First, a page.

The British Academy commissioned the textile artist and designer, Michelle House, to make two wall hangings for the alcoves above the staircase in 11 Carlton House Terrace. Michelle describes the processes involved in designing and making the two pieces.
Michelle House wrote a short piece for the British Academy about her collection.
"I’ve been printing one-off textile art pieces for around twenty years. I caught the printing bug whilst studying textiles at Goldsmiths College and have loved it ever since. I work from my home and studio in South London.
The wall hangings in situ
Through my gallery Contemporary Applied Arts, London, I was invited to produce two wall hangings for the British Academy. My approach to a new piece of work often starts with photography, so I spent quite awhile at the Academy taking photographs of the library, stairs, banisters, marble floor and various other architectural details. I’ve always been inspired by architecture so focusing on aspects of the Academy’s building seemed a logical step. I also found the very impressive collection of books and library a source of inspiration.
Layering is a feature of my work and something I really enjoy playing around with. For the wall hangings, I decided to bring together some of the building’s architectural details with imagery of books in the library. I set about selecting and editing the images and creating designs on the computer. Using computer software enables me to visualise how a design will look once printed.
Once the designs had been agreed, I could set about ordering the fabric and other materials and start to prepare my screens. My work often features fabrics of different weights and textures. For these pieces I decided to use a mixture of smooth cotton satin, textured linens and natural flax linen to reflect the different surfaces within the building. Different fabrics absorb and reflect light differently and also affect how the surface and edges of a print will look.
Before printing onto textiles, much has to be done to prepare the materials and the print table. This involves cutting and ironing the fabric, washing and gumming the print table (which is 1.5m x 6m so quite a good workout!) and then ironing the fabrics down. Screens need cleaning, coating, exposing and taping. Lastly the pigments are mixed, which for these pieces totalled thirteen colours.
The photographic images were printed onto tracing paper and matched with screens of the right size, which in turn were coated with photographic emulsion and exposed to ultraviolet light to transfer the image.
A print out of the designs was marked up with measurements for each separate area of prints, ensuring that the seam allowance was taken into account. Colours and layers of print were applied to the six different sections of fabric using the screens and hand cut paper stencils. When there is no one around to hold the screen (which is most of the time) I have to kneel on one end of the screen and stretch to pull the colour across with the squeegee - if the distance is too great you can end up lying on the screen! As I couldn’t reach across some of the larger areas of these hangings, they had to be painted by hand.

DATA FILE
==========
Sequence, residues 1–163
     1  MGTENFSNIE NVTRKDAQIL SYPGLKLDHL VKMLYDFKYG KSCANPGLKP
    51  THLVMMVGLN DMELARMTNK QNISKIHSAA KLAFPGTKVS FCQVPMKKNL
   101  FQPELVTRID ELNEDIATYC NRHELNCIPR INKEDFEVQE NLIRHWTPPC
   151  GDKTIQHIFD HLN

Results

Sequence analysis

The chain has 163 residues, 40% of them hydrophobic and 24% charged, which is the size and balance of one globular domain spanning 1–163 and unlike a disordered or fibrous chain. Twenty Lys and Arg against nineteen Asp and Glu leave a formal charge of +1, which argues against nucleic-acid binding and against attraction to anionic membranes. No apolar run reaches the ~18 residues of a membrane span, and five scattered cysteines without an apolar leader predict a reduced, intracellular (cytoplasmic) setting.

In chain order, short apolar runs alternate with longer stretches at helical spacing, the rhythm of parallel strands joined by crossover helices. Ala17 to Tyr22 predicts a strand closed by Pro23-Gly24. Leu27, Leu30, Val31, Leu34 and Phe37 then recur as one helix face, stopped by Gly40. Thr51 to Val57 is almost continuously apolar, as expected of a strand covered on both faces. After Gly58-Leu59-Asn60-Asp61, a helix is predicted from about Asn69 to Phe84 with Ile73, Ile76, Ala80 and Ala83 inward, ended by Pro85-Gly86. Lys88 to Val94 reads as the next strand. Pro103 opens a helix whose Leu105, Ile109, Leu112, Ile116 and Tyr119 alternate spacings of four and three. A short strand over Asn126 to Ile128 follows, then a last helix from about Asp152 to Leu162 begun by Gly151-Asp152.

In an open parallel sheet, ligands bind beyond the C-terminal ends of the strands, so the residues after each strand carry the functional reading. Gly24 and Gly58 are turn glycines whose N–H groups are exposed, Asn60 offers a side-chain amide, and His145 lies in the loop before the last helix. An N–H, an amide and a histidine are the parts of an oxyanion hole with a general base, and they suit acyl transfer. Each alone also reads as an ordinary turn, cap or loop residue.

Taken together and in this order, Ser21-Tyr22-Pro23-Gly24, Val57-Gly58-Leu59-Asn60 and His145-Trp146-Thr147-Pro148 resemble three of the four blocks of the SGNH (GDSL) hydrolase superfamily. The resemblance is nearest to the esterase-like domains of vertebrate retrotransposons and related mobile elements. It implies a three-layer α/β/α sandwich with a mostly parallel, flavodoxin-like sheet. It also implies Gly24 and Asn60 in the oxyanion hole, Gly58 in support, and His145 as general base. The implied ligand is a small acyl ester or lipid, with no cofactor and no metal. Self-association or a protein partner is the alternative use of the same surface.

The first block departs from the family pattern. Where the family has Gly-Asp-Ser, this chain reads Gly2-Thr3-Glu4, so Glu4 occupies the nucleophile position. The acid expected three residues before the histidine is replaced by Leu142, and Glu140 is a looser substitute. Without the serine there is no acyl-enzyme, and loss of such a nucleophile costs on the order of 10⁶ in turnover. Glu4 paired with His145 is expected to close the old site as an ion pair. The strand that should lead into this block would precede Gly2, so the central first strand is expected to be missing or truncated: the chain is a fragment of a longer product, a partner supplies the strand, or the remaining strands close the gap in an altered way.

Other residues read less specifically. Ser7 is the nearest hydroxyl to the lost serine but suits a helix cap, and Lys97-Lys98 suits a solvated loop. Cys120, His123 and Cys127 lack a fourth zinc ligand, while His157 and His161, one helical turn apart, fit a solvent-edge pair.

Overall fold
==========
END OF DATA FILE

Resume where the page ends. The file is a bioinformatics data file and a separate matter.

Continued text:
The difference in scale between the printouts and the physical hangings is huge. A composition has to be re-evaluated once the work has been printed to size and sometimes the design will need another element added before it looks complete. For these two hangings, I printed a couple of extra sections, before I was satisfied that the pieces were balanced and finished.
Once the final colours had been printed, the prints were ironed to fix the colour and the sections were joined together. Finally, a lining fabric was hand stitched onto the back. This part of the process takes a significant amount of time and involves a lot of measuring, ironing and pinning."
Michelle in her South London studio (Photo: Jhy Turley)
Contemporary Applied Arts, often called CAA, was established in 1948 to support and encourage the making of fine crafts in Britain – and to keep them firmly in the public eye.
Today CAA acts as a vocal advocate for the crafts in Britain generally. It offers to the public examples of the richness of craft in Britain today, highlighting the huge, often unnoticed role which the applied arts have played over centuries – and continue to play – in both our domestic lives and in the wider, built environment.
CAA champions only the very best of British craft. Currently it represents 350 leading professionals who create unique pieces in ceramics, glass, jewellery, metal, paper, textiles, wood and furniture, demonstrating a perfect harmony of technical skill and artistic vision. The act of making is paramount, and members often use ancient, traditional skills, many of which are in danger of being lost forever. With experience and creative vision, these skills are interpreted by the makers and expressed in their own unique voice and in contemporary idiom. The results are often both stunning and thought-provoking.